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Missing, Inaction

July 11, 2019 27 comments

Did you miss me, while I was away? Did you hang my picture on your wall? No, hold on, I shouldn’t be quoting him, should I! But he did make some undeniably great pop songs, before his downfall and disgrace. So, let’s start again. Had you noticed that I had been AWOL from my blog again? You could be forgiven for that: I’m not exactly the most regular or reliable of bloggers, am I? And as this hiatus was, by my standards, relatively brief, it probably wouldn’t have registered very high on the Richter scale for blogquakes, if such a thing exists. Come to think of it, very few of my posts would be likely to raise Prof Richter from his usual UK torpor anyway. But, if you cast your eyes to the right, you will see that this post is all of 18 days since my last one. Why?

I hadn’t planned on taking a break, although I have alluded in some recent posts to the fact that a lot of real life was happening around me. That in itself wouldn’t have caused the gap – but we should always be wary of gaps, as any traveller on the London Underground will know. The major real life issue was not, for once, my health, though it didn’t have a positive effect on me health-wise. It was that I had to move home. I know that all over the world this is an everyday occurrence but I am used to stability, and this was a decidedly destabilising experience! I had been in the same home for the past eleven and a half years, since my divorce, and this was only my second move of home since 1982: I am a creature of regular habits! But, since the aforementioned divorce I have been living in a flat rented from a private owner. The owners’ circumstances required them to raise the cash from selling the property, so yours truly had to go. The whole experience was incredibly stressful for me, and I’m intending to write a post about that at some point, when I feel up to it: moving home is, after all, recognised as one of the leading causes of stress. But I’ll save that for another day – it requires more care, sensitivity and thought than I can muster at present. The point of this piece – yes, I’m finally getting to it – is a reflection on how dependent we have become on something which we know is there, even though we can’t see it. But, as Joni Mitchell said, ‘you don’t know what you’ve got till it’s gone.’ I’m referring, of course, to that modern day wonder known as the internet.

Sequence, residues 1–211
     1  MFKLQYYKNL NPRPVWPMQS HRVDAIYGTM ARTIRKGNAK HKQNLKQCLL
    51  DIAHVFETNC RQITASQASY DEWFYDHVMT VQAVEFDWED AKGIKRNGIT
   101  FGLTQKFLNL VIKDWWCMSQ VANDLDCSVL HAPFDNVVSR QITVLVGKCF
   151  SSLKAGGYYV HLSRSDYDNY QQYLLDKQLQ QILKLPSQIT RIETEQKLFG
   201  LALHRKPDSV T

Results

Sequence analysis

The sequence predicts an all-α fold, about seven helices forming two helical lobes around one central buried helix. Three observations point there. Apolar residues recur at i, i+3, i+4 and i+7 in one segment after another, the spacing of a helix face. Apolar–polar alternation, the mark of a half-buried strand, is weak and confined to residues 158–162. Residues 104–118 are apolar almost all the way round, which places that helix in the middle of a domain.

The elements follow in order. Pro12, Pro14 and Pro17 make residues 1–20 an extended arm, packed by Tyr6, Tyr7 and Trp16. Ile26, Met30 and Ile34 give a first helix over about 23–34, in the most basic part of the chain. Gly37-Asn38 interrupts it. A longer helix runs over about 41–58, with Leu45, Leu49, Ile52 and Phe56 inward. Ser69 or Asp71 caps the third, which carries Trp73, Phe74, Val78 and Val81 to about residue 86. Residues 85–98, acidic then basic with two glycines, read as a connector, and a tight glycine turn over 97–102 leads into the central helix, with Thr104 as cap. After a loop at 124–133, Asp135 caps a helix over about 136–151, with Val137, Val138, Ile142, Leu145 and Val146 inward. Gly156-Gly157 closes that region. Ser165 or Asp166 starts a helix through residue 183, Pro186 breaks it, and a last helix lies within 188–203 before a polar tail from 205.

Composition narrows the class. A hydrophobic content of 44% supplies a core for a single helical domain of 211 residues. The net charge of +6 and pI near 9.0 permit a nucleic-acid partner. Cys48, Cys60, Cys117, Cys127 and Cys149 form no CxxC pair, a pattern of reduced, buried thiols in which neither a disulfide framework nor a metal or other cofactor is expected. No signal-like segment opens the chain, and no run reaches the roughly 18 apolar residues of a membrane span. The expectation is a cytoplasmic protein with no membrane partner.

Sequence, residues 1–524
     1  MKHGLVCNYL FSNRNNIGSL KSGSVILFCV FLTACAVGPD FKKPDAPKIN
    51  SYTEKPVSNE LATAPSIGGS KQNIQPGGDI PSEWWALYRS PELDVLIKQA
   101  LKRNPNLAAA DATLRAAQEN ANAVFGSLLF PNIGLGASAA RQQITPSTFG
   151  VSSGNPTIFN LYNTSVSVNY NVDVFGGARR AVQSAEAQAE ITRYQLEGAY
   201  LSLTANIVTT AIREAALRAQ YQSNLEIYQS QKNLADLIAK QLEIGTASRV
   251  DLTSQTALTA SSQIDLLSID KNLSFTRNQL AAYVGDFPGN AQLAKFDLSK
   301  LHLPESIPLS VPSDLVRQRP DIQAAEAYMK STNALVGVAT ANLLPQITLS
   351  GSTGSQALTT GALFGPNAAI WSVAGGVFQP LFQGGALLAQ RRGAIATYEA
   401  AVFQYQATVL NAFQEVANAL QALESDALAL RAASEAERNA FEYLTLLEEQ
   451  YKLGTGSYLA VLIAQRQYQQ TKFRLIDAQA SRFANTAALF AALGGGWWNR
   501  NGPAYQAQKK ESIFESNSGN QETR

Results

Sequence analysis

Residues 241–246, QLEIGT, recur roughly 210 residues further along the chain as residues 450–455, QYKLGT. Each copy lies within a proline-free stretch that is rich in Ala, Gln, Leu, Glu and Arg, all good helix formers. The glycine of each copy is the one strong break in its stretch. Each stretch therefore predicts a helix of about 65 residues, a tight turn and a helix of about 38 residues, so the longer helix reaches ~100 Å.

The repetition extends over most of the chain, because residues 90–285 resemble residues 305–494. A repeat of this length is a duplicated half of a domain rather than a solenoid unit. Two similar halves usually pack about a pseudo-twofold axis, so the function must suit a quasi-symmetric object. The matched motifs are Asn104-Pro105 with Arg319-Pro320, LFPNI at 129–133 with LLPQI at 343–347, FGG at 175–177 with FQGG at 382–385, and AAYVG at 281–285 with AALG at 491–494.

Do you ever stop to think about how much we depend on it? If not, try going without it for a whole 15 days, like I have just done. I knew there would be a few days without it after the move, but wasn’t prepared for an additional delay while British Telecom (aka BT) struggled to work out why the link from the box on the wall in my new flat failed to register any kind of score on their readings – think of it as a telecoms version of ‘Royaume Uni – nul points’ at the Eurovision Song Contest, a phrase with which we Brits were already familiar for many years before the vote for Brexit, since when even fewer countries have deigned to bestow any points on our pathetic entries to the competition. Apparently, leaving the EU doesn’t automatically mean that we leave the song contest too, as anyone old enough (i.e. me) to remember us being in it before EU membership can tell you. I wonder if anyone has done a study of the correlation between the two? I wouldn’t mind betting that the song contest is a popular entertainment choice for pro-Brexiteers: after all, if you’re a moron about one thing it’s likely that you will be equally moronic about others, and the chances are that some would have been sufficiently stupid to think that’s what they were voting for. But I digress, sorry. BT have finally solved the problem, after much testing, digging up the road and playing with cables, etc and I’m now back in the land of the living. Huzzah!